Continuous Processing: Moving with or against the Manufacturing Flow

Fueled by a need to reduce costs and improve efficiencies, continuous processing may be the next paradigm shift in pharmaceutical manufacturing.
Sep 02, 2008
Volume 32, Issue 9

Continuous processing is taking root in the pharmaceutical industry. Faced with greater pressure to reduce manufacturing costs, the lure of reduced process variability, and a regulatory environment supportive of manufacturing modernization, companies are considering continuous processing in their short- and long-term strategies.

A regulatory framework

Although common in other process manufacturing industries (e.g., food and chemicals), continuous processing is at a nascent stage in the pharmaceutical industry, where batch manufacturing is the prevailing mode.

"The movement from batch to continuous processing may not be as extreme as it seems at first," says Moheb Nasr, director of the Office of New Drug Quality Assessment, Center for Drug Evaluation and Research at the US Food and Drug Administration and member of Pharmaceutical Technology's editorial advisory board. "Many current pharmaceutical operations such as roller compaction and tablet compression can be considered semicontinuous operations and readily could be converted to true continuous mode. These unit operations have a constant flow of material in and out (like a continuous process), but are typically run over a defined period of time or for a fixed amount of material (like a batch process). Other unit operations such as blending, drying, and tablet coating have traditionally been operated in batch mode and could require more development efforts to transition to continuous mode."

By its very nature, continuous processing lends itself to in-process monitoring and control and is compatible with FDA's process analytical technologies (PAT) initiative and the agency's overall move to a risk- and science-based approach to pharmaceutical manufacturing and quality-by-design principles. In its PAT guidance, FDA identified "facilitating continuous processing to improve efficiency and manage variability" such as through small-scale equipment that eliminates scale-up issues, as a way to improve quality, safety, and efficiency (1).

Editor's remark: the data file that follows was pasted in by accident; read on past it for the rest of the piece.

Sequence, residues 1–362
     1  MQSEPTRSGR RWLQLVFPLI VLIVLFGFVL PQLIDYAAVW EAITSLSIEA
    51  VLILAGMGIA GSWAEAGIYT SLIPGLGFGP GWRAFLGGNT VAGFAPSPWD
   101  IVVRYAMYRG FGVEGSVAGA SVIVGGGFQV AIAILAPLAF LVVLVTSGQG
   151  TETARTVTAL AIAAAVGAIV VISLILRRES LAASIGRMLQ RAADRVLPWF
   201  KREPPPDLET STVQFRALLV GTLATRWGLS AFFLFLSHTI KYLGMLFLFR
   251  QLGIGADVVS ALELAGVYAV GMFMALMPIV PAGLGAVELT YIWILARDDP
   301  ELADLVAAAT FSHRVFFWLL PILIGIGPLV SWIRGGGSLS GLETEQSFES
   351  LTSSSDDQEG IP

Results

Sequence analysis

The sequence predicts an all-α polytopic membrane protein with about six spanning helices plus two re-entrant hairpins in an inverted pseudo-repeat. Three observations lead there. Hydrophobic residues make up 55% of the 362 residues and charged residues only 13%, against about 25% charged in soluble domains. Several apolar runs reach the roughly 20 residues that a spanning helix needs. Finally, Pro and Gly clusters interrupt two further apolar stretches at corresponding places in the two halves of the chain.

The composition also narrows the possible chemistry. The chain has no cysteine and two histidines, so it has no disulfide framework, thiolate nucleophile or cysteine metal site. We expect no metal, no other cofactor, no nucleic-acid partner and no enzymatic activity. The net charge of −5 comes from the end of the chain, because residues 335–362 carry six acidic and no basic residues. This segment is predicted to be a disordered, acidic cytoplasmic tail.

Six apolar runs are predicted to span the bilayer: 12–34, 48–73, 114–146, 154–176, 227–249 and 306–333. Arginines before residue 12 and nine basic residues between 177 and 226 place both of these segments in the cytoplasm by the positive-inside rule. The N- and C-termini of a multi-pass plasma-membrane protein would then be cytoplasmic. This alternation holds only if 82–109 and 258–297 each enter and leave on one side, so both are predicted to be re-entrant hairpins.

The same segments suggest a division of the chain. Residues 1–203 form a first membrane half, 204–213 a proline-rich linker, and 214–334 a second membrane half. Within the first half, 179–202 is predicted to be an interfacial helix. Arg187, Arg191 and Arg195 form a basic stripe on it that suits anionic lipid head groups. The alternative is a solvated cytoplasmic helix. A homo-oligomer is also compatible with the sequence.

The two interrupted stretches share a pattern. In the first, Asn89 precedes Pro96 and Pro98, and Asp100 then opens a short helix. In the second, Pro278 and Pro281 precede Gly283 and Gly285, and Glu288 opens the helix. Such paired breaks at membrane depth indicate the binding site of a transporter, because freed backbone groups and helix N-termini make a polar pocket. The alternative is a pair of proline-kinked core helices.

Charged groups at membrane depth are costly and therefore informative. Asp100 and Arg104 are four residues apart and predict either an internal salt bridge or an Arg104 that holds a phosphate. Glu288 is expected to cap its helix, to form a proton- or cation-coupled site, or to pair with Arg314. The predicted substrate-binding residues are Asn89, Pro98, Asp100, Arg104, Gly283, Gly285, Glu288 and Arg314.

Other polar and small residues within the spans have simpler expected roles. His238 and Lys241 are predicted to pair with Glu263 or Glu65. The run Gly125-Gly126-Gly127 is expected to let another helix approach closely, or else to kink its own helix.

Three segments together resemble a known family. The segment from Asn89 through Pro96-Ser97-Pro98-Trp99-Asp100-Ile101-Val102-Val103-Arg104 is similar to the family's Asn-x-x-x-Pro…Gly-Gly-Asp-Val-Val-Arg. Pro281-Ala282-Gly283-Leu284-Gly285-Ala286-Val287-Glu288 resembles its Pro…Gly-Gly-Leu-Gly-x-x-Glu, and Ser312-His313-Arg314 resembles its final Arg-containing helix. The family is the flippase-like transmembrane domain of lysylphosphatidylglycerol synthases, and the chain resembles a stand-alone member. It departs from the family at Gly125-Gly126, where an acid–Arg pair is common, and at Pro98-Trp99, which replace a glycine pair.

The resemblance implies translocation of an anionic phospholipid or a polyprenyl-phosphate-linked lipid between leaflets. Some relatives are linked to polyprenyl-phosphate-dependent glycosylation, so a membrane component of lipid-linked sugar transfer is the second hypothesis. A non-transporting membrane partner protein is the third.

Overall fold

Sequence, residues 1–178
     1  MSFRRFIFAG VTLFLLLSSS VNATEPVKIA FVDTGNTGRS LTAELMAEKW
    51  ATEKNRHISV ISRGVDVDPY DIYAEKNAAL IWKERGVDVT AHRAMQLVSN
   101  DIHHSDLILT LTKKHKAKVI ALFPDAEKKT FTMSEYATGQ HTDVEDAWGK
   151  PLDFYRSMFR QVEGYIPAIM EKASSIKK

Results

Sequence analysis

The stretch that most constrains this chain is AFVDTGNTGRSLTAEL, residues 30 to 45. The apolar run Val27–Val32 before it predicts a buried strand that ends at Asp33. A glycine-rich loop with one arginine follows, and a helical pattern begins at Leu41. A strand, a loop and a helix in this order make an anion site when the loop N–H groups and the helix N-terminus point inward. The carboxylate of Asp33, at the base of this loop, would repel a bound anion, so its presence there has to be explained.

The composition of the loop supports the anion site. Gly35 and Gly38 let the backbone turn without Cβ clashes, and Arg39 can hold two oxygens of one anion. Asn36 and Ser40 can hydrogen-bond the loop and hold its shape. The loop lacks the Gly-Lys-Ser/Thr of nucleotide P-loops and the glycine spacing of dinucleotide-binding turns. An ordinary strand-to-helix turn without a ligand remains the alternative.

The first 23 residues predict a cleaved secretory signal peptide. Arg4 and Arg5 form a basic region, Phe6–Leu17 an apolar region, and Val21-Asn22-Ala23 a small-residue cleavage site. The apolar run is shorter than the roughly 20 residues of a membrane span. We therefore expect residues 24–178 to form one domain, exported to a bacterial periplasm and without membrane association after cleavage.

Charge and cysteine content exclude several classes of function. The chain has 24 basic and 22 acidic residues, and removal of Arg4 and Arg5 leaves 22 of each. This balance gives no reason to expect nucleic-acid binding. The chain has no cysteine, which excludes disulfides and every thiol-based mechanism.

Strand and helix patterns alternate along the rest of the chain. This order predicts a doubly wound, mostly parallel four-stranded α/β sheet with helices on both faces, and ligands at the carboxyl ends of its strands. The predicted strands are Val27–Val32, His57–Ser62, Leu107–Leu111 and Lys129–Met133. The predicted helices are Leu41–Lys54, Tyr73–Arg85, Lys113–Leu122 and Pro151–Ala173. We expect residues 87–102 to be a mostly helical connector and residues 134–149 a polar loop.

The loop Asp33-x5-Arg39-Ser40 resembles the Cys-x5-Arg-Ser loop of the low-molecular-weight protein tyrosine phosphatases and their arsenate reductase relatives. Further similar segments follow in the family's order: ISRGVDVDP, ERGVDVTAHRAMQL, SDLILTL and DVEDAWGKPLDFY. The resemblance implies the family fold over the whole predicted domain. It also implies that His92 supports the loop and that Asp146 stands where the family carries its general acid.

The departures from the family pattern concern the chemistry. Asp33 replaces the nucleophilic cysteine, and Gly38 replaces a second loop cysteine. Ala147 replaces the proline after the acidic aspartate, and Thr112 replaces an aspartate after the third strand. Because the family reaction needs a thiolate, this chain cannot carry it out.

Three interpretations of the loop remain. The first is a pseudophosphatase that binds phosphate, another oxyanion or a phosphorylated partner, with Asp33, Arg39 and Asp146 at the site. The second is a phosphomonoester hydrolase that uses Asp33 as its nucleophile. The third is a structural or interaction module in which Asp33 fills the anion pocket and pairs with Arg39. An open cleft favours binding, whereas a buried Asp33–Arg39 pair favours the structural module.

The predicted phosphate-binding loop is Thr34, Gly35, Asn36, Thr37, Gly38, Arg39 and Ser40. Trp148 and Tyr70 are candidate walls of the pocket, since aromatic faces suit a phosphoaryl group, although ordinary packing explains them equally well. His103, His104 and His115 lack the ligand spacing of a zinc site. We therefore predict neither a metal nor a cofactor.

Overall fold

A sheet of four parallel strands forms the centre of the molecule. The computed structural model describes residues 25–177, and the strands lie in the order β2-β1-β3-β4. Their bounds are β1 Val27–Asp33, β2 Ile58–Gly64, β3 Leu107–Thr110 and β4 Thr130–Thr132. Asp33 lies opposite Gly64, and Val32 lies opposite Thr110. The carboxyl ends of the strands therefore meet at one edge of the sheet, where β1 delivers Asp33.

Current regulations do not distinguish between batch and continuous manufacturing. "A point of confusion is the word 'batch,' which can mean either the mode of manufacturing or the quantity of material being processed," says Nasr. The regulations specify (2):

A batch means a specific quantity of a drug or other material that is intended to have uniform character and quality, within specified acceptance limits, and is produced according to a single manufacturing order during the same cycle of manufacture.

"The definition of batch here refers to the quantity of material and does not specify the mode of manufacture," says Nasr. "Manufacturers should not be dissuaded from applying continuous processing based on the prevalence of the word 'batch' in the regulations."

A major difference, however, between batch and continuous processes is determination of product or intermediate uniformity. "In batch processes, uniformity is often determined by measuring or sampling at different spatial positions within equipment; in continuous processing, uniformity would likely be determined across time," explains Nasr. "A 'batch' would need to be defined by the manufacturer for continuous processing that is consistent with the regulatory definition under 21 CFR 210.3(b)," he says. These regulations deal with current good manufacturing practices (2). The European Medicines Agency (EMEA) does not distinguish between batch and continuous processing, according to members of EMEA's Inspections sector.

Pros and cons

Given a regulatory framework for continuous processing, the key question is whether it offers technical and economic benefits compared with batch manufacturing. On that point, there is mixed opinion.

"Selection of continuous processing over batch manufacturing is driven by two factors: economics and process control," explains Anthony J. Maddaluna, vice-president and team leader of Pfizer Global Manufacturing strategy and supply network transformation. "It is expected that a continuous process will use less equipment, sit in a smaller building footprint, use less labor, use less utilities, generate less waste, and hence, will be more economical. A general rule of thumb is that a well-designed continuous plant should cost about 40% less than a comparable batch plant," he says.

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